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Accidental Intra Arterial Injection of Ephedrine: What about the Treatment with Nitroglycerin? | OMICS International
ISSN: 2155-6148
Journal of Anesthesia & Clinical Research

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Accidental Intra Arterial Injection of Ephedrine: What about the Treatment with Nitroglycerin?

Sergeja Kozar1* and Goran Kurnik2

1Department of Anaesthesiology and Intensive Therapy, University Medical Centre Ljubljana, Ljubljana, Slovenia

2Department of Anaesthesiology and Intensive Therapy, General Hospital Novo mesto, Novo mesto, Slovenia

*Corresponding Author:
Sergeja Kozar
Department of Anaesthesiology and Intensive Therapy
General Hospital Slovenj Gradec Slovenj Gradec, Slovenia
Tel: +38640800090
E-mail: [email protected]

Received date: February 09, 2015, Accepted date: February 24, 2015, Published date: February 28, 2015

Citation: Kozar S and Kurnik G (2015) Accidental Intra Arterial Injection of Ephedrine: What about the Treatment with Nitroglycerin?. J Anesth Clin Res 6:510. doi: 10.4172/2155-6148.1000510

Copyright: © 2015 Kozar S, et al. This is an open-access article distributed under the terms of the Creative Commons Attribution License, which permits unrestricted use, distribution, and reproduction in any medium, provided the original author and source are credited.

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Accidental intra-arterial (IA) injection of drugs in the perioperative setting is fortunately a rare event, but it can
cause severe extremity ischaemia, which can result in significant morbidity due to tissue necrosis. There have been
many articles reported about inadvertent intra-arterial injections of various drugs over the last decades.
However, we found none about the unintentional IA injection of ephedrine, so we present the following case.


Ephedrine; Intra-arterial injection; Treatment; Nitroglycerin


Ephedrine is a sympathomimetic that has both, a direct (α, β1 and β2 receptor agonists) and an indirect (release of norepinephrine from presynaptic nerve terminals and monoamine oxidase inhibition) mechanisms of action. It is a safe and widely used drug in the daily anesthesia practice to prevent or treat hypotension resulting from sympathetic blockade during regional anesthesia or from the effects of general anaesthesia. Ephedrine sulphate injection is manufactured for subcutaneous, intramuscular and intravenous administration [1].

Case report

A 66-year old right handed female, with medical history of arterial hypertension and allergy to nimodipine, was scheduled for embolisation with micro-coils due to cold aneurysm of anterior communicant artery.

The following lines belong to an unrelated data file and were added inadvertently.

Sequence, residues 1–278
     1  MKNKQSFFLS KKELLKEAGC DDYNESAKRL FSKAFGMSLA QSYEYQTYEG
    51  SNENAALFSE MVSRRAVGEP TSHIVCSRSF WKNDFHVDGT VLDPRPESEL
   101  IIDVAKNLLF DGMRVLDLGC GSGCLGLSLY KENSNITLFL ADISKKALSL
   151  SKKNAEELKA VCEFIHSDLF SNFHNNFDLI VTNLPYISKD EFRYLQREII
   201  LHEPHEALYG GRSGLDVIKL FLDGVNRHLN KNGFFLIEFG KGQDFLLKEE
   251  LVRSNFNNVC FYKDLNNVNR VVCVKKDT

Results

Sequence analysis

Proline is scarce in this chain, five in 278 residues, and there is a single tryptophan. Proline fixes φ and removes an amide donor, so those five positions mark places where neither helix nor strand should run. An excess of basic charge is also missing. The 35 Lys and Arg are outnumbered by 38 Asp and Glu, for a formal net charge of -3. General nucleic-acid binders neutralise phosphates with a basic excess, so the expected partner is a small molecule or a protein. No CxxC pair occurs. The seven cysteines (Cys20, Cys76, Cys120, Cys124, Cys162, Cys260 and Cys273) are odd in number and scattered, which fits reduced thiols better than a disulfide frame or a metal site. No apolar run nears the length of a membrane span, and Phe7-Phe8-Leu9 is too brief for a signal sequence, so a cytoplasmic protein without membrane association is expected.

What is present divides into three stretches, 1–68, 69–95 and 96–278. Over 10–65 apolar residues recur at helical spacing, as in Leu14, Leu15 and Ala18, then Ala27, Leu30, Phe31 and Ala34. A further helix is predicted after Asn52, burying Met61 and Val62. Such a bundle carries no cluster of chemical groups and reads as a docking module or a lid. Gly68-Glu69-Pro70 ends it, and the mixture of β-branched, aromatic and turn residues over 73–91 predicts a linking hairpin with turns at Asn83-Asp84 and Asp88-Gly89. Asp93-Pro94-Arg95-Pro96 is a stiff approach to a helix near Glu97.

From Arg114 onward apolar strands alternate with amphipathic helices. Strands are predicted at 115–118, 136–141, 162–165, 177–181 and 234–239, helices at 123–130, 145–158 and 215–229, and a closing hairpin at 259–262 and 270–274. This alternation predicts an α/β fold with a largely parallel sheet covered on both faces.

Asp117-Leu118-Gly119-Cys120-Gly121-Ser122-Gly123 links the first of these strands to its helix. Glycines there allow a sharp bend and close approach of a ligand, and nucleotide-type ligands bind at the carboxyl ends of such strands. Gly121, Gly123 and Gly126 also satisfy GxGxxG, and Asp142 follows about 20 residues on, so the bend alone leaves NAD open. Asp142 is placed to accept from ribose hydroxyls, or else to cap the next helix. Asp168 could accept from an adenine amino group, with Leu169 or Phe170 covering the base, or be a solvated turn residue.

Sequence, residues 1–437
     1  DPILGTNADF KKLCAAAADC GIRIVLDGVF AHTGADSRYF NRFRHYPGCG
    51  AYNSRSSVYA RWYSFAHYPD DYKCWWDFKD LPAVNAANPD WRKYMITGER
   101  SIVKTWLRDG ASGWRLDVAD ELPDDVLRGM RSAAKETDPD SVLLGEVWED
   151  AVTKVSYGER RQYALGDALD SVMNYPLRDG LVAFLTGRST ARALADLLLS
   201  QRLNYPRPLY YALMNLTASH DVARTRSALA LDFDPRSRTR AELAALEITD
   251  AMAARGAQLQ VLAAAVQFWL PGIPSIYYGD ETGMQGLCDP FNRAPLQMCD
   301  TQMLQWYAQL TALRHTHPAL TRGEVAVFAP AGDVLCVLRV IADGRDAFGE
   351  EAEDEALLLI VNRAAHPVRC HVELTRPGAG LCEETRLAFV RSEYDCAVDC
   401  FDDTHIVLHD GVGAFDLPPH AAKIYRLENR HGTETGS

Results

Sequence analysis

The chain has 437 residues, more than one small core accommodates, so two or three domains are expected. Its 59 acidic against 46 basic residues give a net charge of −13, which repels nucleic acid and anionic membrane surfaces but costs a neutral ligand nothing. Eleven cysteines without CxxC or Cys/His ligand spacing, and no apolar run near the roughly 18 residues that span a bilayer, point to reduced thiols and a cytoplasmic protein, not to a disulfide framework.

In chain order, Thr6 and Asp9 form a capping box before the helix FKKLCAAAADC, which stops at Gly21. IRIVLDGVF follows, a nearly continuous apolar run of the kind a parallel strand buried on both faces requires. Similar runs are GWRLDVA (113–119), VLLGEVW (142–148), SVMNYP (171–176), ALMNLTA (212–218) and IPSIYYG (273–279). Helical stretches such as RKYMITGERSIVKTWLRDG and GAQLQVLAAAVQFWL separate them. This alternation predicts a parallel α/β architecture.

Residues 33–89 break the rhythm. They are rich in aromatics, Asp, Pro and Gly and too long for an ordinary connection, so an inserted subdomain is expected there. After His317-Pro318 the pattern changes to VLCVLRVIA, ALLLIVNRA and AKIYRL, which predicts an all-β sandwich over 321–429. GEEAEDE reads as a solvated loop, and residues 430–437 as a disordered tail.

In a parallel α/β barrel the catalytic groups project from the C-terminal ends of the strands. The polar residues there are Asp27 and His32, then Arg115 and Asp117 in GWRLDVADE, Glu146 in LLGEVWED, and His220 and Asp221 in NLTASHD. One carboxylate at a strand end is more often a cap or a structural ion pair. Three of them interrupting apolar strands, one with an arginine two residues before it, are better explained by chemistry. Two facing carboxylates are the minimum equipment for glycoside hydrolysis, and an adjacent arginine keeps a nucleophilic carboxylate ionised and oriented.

She had no history of smoking, hyperlipidemia or problems in terms of peripheral vascular disease.

Initially, patient received two intravenous cannulas (G18) preoperatively. Following Allen's test (as according to local protocol), an 20 G arterial cannula (BD Arterial Cannula, Becton Dickinson Critical Care Systems Pte Ltd) was easily inserted in the left radial artery for continuous blood pressure monitoring. The catheter was flushed with standard normal saline solution with heparin (1 IU/ml) and connected to a pressure transducer, showing normal arterial waveform on the monitor. Induction of general anaesthesia was performed using propofol, remifentanyl and rocuronium.

Total intravenous anaesthesia (propofol, remifentanyl) with intermittent boluses of rocuronium was chosen for the maintenance.

Few minutes after induction, drop in arterial pressure was detected. Colloids were used for primary treatment, however the hypotension persisted. A decission to treat it with 10 mg of ephedrine (2 ml) was made. A member of the anaesthesia team accidentally injected the solution into the artery line. The left hand became colder and slightly paler as compared to the right one. Pulse oximeter, placed on the left index finger, showed low quality pulse signal and still adequate oxygen saturation. This mistake was immediately noticed, arterial line was disconnected and catheter flushed with normal saline with heparin. After reconnection of the line, there was no regular arterial wave on the monitor. The intra-arterial catheter was left in place and an infusion of 0.9% saline solution (75 ml/h) via catheter was started to maintain patency. An initial loading dose of heparin 5000 IU was given intravenously and the hand was elevated. Meanwhile, the right radial artery was cannulated for blood pressure monitoring, showing normal waveform.

The scheduled procedure was then initiated and approximately half an hour after IA injection of ephedrine, contrast angiography of the left upper limb was made, indicating multiple narrowings of radial artery due to vasospasms with absence of flow distally at the palmar region, which was maintained through a collateral flow from ulnar artery (Figure 1).


Figure 1: Digital subtraction angiography of the left forearm (intrarterial anterograde contrast injection with angiographic catheter paced in a left axillary artery) immediately after the ephedrine application. Multiple narrowings of radial artery due to vasospasms with absence of flow distally at the palmar region is seen (arrows). Perfusion of palmar region is maintained through a collateral flow from ulnar artery (deep palmar arch).

The operation lasted for around 3 hours without any surgical complications, meantime acetylsalicylic acid 500 mg intravenously was administered and heparin 1000 IU was repeated every hour as according to local protocol.

Throughout the procedure, the left hand was carefully observed. It was warm and of normal color, pulse oximeter placed on the left index finger showed quality pulse signal and normal oxygen saturation.